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mLongT5: A Multilingual and Efficient Text-To-Text Transformer for Longer Sequences
David Uthus | Santiago Ontanon | Joshua Ainslie | Mandy Guo
Findings of the Association for Computational Linguistics: EMNLP 2023

We present our work on developing a multilingual, efficient text-to-text transformer that is suitable for handling long inputs. This model, called mLongT5, builds upon the architecture of LongT5, while leveraging the multilingual datasets used for pretraining mT5 and the pretraining tasks of UL2. We evaluate this model on a variety of multilingual summarization and question-answering tasks, and the results show stronger performance for mLongT5 when compared to existing multilingual models such as mBART or M-BERT.

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FormNetV2: Multimodal Graph Contrastive Learning for Form Document Information Extraction
Chen-Yu Lee | Chun-Liang Li | Hao Zhang | Timothy Dozat | Vincent Perot | Guolong Su | Xiang Zhang | Kihyuk Sohn | Nikolay Glushnev | Renshen Wang | Joshua Ainslie | Shangbang Long | Siyang Qin | Yasuhisa Fujii | Nan Hua | Tomas Pfister
Proceedings of the 61st Annual Meeting of the Association for Computational Linguistics (Volume 1: Long Papers)

The recent advent of self-supervised pre-training techniques has led to a surge in the use of multimodal learning in form document understanding. However, existing approaches that extend the mask language modeling to other modalities require careful multi-task tuning, complex reconstruction target designs, or additional pre-training data. In FormNetV2, we introduce a centralized multimodal graph contrastive learning strategy to unify self-supervised pre-training for all modalities in one loss. The graph contrastive objective maximizes the agreement of multimodal representations, providing a natural interplay for all modalities without special customization. In addition, we extract image features within the bounding box that joins a pair of tokens connected by a graph edge, capturing more targeted visual cues without loading a sophisticated and separately pre-trained image embedder. FormNetV2 establishes new state-of-the-art performance on FUNSD, CORD, SROIE and Payment benchmarks with a more compact model size.


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FNet: Mixing Tokens with Fourier Transforms
James Lee-Thorp | Joshua Ainslie | Ilya Eckstein | Santiago Ontanon
Proceedings of the 2022 Conference of the North American Chapter of the Association for Computational Linguistics: Human Language Technologies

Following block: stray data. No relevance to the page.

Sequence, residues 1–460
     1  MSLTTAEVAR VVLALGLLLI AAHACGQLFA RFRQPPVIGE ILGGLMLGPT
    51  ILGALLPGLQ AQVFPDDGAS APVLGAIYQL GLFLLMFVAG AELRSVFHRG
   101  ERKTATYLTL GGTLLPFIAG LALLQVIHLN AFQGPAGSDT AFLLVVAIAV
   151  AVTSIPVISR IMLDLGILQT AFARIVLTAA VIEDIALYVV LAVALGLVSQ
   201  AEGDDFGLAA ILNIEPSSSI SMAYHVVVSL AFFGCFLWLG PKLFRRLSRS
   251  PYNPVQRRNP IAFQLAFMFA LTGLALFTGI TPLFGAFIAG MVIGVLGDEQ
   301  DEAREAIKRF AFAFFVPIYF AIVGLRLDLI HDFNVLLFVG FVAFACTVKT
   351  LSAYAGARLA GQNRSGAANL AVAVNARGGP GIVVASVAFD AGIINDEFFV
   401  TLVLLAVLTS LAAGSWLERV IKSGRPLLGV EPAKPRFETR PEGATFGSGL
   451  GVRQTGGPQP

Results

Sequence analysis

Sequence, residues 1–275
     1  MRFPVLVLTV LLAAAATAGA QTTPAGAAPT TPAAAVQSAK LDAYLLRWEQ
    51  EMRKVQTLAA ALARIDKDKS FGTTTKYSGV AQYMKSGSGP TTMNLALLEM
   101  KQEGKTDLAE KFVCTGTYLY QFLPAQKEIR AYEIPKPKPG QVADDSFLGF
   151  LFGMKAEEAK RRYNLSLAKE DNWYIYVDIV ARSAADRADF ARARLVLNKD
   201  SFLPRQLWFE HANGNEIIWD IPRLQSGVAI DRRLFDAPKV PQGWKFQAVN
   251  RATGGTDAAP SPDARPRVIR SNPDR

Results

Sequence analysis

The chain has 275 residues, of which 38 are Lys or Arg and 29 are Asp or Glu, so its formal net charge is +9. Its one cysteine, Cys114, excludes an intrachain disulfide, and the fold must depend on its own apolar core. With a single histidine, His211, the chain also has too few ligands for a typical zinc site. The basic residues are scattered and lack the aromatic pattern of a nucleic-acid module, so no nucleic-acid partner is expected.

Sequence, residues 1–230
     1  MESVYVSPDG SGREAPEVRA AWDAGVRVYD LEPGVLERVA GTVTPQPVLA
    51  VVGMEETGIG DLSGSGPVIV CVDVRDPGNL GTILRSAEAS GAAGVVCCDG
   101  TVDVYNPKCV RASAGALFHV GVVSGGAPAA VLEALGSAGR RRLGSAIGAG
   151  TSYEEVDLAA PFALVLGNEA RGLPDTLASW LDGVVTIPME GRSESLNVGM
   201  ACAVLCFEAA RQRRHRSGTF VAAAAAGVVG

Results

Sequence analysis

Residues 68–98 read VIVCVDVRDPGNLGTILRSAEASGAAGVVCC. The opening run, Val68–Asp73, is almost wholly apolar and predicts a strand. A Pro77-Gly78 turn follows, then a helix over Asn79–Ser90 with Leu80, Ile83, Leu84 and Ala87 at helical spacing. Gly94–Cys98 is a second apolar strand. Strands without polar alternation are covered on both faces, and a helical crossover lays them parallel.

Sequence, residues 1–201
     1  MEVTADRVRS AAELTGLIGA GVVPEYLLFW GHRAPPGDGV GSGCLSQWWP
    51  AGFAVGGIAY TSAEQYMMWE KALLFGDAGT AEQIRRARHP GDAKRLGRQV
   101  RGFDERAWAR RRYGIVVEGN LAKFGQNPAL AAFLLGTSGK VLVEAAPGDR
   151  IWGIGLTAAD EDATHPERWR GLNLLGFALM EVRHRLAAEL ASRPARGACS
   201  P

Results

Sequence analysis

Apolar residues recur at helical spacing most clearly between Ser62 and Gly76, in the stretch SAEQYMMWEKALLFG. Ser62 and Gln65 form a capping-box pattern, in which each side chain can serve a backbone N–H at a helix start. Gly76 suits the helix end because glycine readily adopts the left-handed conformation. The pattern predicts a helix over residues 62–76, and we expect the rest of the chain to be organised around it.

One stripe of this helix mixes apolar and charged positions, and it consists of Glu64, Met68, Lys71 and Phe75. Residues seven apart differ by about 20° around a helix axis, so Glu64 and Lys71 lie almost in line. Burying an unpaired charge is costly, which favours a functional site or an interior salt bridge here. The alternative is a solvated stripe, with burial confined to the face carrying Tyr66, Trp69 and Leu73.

We show that Transformer encoder architectures can be sped up, with limited accuracy costs, by replacing the self-attention sublayers with simple linear transformations that “mix” input tokens. Most surprisingly, we find that replacing the self-attention sublayer in a Transformer encoder with a standard, unparameterized Fourier Transform achieves 92-97% of the accuracy of BERT counterparts on the GLUE benchmark, but trains 80% faster on GPUs and 70% faster on TPUs at standard 512 input lengths. At longer input lengths, our FNet model is significantly faster: when compared to the “efficient Transformers” on the Long Range Arena benchmark, FNet matches the accuracy of the most accurate models, while outpacing the fastest models across all sequence lengths on GPUs (and across relatively shorter lengths on TPUs). Finally, FNet has a light memory footprint and is particularly efficient at smaller model sizes; for a fixed speed and accuracy budget, small FNet models outperform Transformer counterparts.

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Generate-and-Retrieve: Use Your Predictions to Improve Retrieval for Semantic Parsing
Yury Zemlyanskiy | Michiel de Jong | Joshua Ainslie | Panupong Pasupat | Peter Shaw | Linlu Qiu | Sumit Sanghai | Fei Sha
Proceedings of the 29th International Conference on Computational Linguistics

A common recent approach to semantic parsing augments sequence-to-sequence models by retrieving and appending a set of training samples, called exemplars. The effectiveness of this recipe is limited by the ability to retrieve informative exemplars that help produce the correct parse, which is especially challenging in low-resource settings. Existing retrieval is commonly based on similarity of query and exemplar inputs. We propose GandR, a retrieval procedure that retrieves exemplars for which outputs are also similar. GandR first generates a preliminary prediction with input-based retrieval. Then, it retrieves exemplars with outputs similar to the preliminary prediction which are used to generate a final prediction. GandR sets the state of the art on multiple low-resource semantic parsing tasks.